Code that is difficult to understand, hard to modify and challenging to extend is hazardous to developers, users and organizations. Refactoring, or improving the design of existing code, is one of our greatest defenses against such code. Yet many programmers lack formal training in refactoring. Furthermore, management tends to lack knowledge about the value of refactoring. This one-day workshop is designed to address these needs.
Let’s explore the purpose and use of estimates in the management of software development efforts, and consider possible alternatives. Why do we estimate and are we making estimates that are actually useful? In this session we’ll participate in some interactive information gathering exercises to see if we can gain a shared idea of our current understanding of the purpose and use of estimates. We will examine the nature of software development projects and explore some real data to shed light on the art and science of software estimation. Our exploration goal is to see if we can work together to come up with some ideas about improving on the traditional approaches to using estimates.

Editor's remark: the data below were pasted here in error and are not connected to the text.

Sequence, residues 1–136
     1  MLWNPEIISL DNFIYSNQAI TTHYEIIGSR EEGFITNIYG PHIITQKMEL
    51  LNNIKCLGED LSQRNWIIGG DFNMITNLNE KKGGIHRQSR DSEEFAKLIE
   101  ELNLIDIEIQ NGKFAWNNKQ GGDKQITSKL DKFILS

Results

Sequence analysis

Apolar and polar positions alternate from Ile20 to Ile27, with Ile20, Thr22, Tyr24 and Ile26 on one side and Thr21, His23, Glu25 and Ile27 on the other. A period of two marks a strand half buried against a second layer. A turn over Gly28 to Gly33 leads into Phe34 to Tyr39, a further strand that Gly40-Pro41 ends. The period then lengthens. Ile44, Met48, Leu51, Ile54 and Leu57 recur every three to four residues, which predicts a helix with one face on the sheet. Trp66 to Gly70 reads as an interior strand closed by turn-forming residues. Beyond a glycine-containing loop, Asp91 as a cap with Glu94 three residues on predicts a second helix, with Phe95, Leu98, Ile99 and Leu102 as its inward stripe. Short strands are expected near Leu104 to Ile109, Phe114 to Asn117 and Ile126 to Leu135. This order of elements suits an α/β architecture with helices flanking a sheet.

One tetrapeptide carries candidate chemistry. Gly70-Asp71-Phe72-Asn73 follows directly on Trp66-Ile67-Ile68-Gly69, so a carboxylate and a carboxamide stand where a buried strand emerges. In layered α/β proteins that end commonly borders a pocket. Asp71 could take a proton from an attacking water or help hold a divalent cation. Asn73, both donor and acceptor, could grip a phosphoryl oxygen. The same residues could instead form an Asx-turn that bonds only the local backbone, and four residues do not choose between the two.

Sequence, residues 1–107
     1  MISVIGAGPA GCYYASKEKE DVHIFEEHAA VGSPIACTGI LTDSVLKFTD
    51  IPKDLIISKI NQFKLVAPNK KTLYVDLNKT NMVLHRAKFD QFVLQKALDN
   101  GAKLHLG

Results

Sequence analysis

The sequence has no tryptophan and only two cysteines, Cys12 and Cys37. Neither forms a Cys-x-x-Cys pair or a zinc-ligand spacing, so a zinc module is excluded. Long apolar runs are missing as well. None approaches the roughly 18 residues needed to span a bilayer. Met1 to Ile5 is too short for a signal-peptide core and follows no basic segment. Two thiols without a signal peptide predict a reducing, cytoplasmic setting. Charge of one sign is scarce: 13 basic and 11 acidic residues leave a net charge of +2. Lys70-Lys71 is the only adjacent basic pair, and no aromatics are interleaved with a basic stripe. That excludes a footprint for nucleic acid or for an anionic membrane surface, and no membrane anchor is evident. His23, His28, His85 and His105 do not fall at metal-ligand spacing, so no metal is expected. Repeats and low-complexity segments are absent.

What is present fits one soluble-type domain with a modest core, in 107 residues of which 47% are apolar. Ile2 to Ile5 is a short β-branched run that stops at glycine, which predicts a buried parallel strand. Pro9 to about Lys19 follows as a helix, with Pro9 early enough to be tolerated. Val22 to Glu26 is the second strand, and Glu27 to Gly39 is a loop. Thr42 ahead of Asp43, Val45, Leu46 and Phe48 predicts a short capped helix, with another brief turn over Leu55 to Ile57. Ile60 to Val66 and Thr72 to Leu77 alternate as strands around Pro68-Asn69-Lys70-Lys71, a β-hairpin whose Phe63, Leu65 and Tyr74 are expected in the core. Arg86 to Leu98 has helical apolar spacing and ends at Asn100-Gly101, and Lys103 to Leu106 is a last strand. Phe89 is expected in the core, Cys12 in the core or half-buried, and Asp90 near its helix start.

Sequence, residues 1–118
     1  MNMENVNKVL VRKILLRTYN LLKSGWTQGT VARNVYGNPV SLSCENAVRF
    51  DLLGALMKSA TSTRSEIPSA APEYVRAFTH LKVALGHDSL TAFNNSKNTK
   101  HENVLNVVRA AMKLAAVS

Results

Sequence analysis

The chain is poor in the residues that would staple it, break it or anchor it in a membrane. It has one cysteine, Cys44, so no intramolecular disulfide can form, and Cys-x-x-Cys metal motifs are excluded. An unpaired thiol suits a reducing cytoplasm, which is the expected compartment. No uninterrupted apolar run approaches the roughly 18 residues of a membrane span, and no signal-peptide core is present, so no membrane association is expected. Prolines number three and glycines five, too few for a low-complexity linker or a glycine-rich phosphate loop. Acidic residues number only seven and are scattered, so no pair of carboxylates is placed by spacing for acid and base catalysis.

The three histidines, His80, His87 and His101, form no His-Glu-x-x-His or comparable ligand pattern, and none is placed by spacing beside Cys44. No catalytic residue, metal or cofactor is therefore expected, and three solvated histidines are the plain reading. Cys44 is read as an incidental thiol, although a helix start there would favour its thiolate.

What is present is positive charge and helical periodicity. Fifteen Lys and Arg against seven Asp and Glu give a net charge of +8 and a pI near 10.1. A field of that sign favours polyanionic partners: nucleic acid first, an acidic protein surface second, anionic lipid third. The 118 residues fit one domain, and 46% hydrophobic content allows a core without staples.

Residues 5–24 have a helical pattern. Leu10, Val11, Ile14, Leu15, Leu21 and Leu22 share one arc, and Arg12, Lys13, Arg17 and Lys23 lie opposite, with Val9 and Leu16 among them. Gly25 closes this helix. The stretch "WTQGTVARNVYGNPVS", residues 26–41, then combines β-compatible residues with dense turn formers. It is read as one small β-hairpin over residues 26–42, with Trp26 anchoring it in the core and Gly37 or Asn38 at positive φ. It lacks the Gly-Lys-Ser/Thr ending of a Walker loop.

Getting software released to users is often a painful, risky, and time-consuming process. The practice of continuous delivery sets out the principles and technical practices that enable rapid, low-risk delivery of high quality, valuable new functionality to users. In this workshop, Jez Humble presents an in-depth guide to the principles and practices behind continuous delivery and the DevOps movement, along with case studies from real companies and ideas to help you adopt continuous delivery and DevOps within your organization.